I had, at one point, ambitious plans. After the release of Mathematics for Human Flourishing (Math4HF) in January, I was going to write a blog post about each chapter, one per week, and assemble a study guide for those who were reading the book in a class or as part of a discussion group. Yes, every blog post was going to be deep and profound, and each would bring readers to a new level of understanding about the practices of math.
How silly. That is a surefire way to squelch the desire to write. It's way too much pressure.
And then the pandemic hit. Just trying to keep on top of the mad rush to pivot to online teaching, I had no energy to do anything additional. Then summer came, I had a baby, and... you know how the rest of the story goes.
I finally had some time to come back to it, but scaled back my plans. Instead of a series of blog posts, I assembled 100 questions about mathematics (that extend the ones you can find in an appendix to the book), and I put them on the Math4HF webpage:
These questions are tied to the themes of the book, but many of them don't require one to have read the book. So you might find them useful as starting points for a discussion, or as prompts for an essay. As I've written about earlier, reflection questions are great ways to think more deeply about the virtues of mathematics and recognize the larger goals of learning. For teachers, such questions are useful formative assessment that can help students see that you value more than just specific skills, but that you are developing them into mathematically-minded human beings. In the pandemic era, they can provide meaningful ways to broaden what you assess.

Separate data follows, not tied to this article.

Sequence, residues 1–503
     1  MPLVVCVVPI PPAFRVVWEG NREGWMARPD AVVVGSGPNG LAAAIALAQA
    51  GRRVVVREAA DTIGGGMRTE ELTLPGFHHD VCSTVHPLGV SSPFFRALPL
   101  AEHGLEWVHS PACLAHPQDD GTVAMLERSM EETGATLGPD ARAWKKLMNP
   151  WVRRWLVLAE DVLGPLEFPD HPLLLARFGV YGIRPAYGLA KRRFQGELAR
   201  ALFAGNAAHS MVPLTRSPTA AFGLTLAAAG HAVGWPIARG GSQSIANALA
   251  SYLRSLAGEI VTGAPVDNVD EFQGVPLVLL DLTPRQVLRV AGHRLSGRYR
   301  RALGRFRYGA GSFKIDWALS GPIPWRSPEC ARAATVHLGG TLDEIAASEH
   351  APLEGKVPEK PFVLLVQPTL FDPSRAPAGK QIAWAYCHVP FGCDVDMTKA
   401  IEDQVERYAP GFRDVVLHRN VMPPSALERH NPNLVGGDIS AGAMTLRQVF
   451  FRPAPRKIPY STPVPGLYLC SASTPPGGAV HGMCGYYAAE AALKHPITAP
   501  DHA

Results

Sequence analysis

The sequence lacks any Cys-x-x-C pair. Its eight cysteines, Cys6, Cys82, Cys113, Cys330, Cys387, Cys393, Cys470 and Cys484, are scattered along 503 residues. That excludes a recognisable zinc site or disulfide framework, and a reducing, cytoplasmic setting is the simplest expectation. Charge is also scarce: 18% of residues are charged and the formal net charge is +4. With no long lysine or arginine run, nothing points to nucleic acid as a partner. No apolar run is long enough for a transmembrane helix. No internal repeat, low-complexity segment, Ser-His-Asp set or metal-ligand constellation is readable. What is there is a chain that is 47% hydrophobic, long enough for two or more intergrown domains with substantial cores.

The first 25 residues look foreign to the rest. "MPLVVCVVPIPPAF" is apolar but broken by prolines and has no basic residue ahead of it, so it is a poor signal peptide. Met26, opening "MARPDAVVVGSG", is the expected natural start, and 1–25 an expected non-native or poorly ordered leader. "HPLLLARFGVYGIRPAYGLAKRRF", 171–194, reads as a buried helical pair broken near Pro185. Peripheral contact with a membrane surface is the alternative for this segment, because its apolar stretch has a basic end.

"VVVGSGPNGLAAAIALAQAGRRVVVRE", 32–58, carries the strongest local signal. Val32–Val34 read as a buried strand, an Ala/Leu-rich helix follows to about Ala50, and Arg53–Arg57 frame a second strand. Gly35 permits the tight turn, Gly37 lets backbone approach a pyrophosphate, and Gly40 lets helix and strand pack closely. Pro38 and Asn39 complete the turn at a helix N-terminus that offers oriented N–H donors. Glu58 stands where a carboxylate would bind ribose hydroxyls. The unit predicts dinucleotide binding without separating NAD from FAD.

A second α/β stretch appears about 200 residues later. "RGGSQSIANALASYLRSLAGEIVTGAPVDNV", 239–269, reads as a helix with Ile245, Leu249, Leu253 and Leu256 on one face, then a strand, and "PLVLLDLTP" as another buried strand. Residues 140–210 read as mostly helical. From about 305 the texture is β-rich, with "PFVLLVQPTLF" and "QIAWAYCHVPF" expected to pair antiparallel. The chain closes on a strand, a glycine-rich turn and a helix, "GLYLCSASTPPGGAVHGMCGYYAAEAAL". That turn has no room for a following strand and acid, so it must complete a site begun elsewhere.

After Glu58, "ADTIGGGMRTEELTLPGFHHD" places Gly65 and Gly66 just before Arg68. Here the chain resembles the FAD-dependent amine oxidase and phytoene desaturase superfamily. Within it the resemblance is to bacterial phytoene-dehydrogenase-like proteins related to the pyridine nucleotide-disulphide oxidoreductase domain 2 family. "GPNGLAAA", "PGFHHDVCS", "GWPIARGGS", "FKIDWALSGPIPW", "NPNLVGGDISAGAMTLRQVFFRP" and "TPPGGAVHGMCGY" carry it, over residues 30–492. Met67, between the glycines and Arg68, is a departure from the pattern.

On that page, I've also assembled some further readings to explore, related to each chapter. One of the gems there is a list of "actionable references", compiled by my friend Ben Braun, that contain concrete ideas for actions you can take to make the themes and aspirations in Math4HF a reality. I've heard from who are doing book discussion clubs or are using the book as a text for a course---if you develop reading lists, I'd be happy to consider linking to them as well.
And in case you missed my tweets earlier, I also made another webpage containing the endnotes from Math4HF, with clickable links, so you can dive into the references as you read.